London 2012: Your Paralympic moments
The London 2012 Paralympic Games have been hailed an outstanding success.
Athletes from around the globe have come to London to show the world what they are capable of achieving.
Great Britain exceeded its medal target and there have been many personal tales of courage and determination.
Here, BBC News website readers reflect on their favourite moments of the Paralympic and how the Games have inspired them.
Carole Young, Bellshill
Speaking as a disabled person, I think the Paralympics have done wonders in highlighting different disabilities and the potential of disabled people.
When I was just 28, I had a stroke. At first I was in a coma and completely paralysed, but then I started using a wheelchair and now use a walker. It is still quite difficult for me to get around.
Before the stroke, I had a good job and a good life but being disabled changed everything. I didn't cope with it very well.
Until very recently I hated my disability. But watching the Paralympics made me look at myself differently. Some of the athletes were blind or had no limbs. I started to feel fortunate for what I actually do have.
At the moment, I am in the process of getting back into work. Watching the Paralympic athletes has inspired me to do this. They made me feel that I could and should do something.
I have been addicted to the Games. Richard Whitehead winning gold and breaking his own world record in the 200m T42 final was incredible.
Another favourite moment of mine was Jonnie Peacock and Oscar Pistorius embracing after Jonnie won the 100m T44.
Ana Jenkins, London (originally Sao Paulo, Brazil)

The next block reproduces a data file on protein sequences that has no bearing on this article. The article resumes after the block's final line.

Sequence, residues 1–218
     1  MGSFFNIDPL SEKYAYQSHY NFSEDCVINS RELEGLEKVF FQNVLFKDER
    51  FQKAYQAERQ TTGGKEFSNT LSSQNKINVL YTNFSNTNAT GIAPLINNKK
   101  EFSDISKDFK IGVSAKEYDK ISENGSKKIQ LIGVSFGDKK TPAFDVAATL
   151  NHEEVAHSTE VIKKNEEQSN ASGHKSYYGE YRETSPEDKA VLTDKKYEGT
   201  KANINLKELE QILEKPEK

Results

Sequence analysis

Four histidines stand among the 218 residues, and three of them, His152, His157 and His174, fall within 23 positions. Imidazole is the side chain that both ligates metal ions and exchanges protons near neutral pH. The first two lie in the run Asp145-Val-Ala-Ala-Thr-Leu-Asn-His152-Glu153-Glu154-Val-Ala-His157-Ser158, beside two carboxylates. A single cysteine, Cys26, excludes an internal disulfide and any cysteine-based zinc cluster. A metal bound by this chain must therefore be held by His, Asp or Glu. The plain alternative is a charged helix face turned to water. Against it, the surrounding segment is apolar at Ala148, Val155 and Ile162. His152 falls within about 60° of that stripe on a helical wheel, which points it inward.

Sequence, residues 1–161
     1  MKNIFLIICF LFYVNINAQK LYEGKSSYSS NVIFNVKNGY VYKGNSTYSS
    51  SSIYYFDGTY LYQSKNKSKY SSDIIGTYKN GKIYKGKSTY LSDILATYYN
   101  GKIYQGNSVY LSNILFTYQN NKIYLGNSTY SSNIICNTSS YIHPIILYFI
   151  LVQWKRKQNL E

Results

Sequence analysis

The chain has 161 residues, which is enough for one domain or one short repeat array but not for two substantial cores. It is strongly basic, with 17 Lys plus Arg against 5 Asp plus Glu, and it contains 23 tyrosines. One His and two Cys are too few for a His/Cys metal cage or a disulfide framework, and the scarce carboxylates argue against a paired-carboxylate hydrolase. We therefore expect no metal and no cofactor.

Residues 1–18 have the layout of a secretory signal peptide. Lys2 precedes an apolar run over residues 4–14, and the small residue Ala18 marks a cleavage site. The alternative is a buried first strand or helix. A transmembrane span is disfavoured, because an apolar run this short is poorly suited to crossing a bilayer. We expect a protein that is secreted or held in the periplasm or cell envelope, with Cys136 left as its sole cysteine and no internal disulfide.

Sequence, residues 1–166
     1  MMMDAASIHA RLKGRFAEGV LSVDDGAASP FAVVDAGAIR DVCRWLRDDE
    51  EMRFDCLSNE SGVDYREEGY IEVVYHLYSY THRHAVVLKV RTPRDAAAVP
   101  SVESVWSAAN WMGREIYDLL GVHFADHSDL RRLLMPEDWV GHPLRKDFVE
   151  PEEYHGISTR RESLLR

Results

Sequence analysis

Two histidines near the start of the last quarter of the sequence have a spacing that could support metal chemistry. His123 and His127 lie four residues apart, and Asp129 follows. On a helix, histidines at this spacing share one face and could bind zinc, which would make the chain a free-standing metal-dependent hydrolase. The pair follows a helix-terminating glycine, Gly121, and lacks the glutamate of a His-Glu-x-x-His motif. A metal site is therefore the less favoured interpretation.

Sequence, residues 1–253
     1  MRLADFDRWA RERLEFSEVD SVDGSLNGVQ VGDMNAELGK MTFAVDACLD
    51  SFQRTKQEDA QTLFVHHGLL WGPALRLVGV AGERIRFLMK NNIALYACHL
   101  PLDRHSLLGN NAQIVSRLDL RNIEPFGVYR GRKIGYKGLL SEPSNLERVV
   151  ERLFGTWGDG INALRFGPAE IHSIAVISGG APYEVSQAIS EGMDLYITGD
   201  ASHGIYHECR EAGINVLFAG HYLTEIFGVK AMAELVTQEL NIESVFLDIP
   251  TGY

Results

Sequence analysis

I'm from Brazil, but I live in London with my husband. The Paralympics have been awe-inspiring.
Brazil's presence has grown in the Paralympic Games and it has been great to see Brazilian athletes compete and do so well.
When Brazil won first, second and third place in the 100m T11 race - the race in which blind athletes compete. It was very exciting.
Brazil is a third-world country in many respects - many of the people competing come from very poor areas and have also had to cope with having a disability.
We also went along to watch blind athletes from Brazil and Argentina play in 5-a-side football. It was incredible seeing what humans can do. Eventually, you forget the disabilities - it's just about great sport!
Unfortunately, in Brazil the Paralympics have not been on TV much. Often people who are disabled are hidden from society. I think things will change though. I hope they will. I am hoping to go to Rio in 2016 when we host the Olympics and Paralympics.
We have the athletes, teams and the talent. Rio 2016 will give the Brazilian population the opportunity to learn more about disability.
The Paralympics have really made me think - if a blind person can play football and can score in a penalty shoot-out, then what can I do? Humans are capable of amazing things.
Pauline Stanley, London
Seeing my son David carry the Paralympic torch was brilliant. David is disabled - he was born with Down's Syndrome. He has achieved amazing things during the past 30 years and I am so proud of him.
People with disabilities need opportunities - they need to be given the chance to do things.
The Paralympics have moved me to tears a number of times. Watching the blind runners was incredible. Although I don't have a disability myself, I can empathise with the challenges they face and how they overcome them.
We have made a lot of progress in this country, but there is still a long way to go. I've been to many developing countries and and seen that people with disabilities are treated differently. Often they just become helpers in the house and don't go on to do much more.
The Paralympics are a brilliant opportunity for people around the world to see what humans who have faced big challenges can achieve.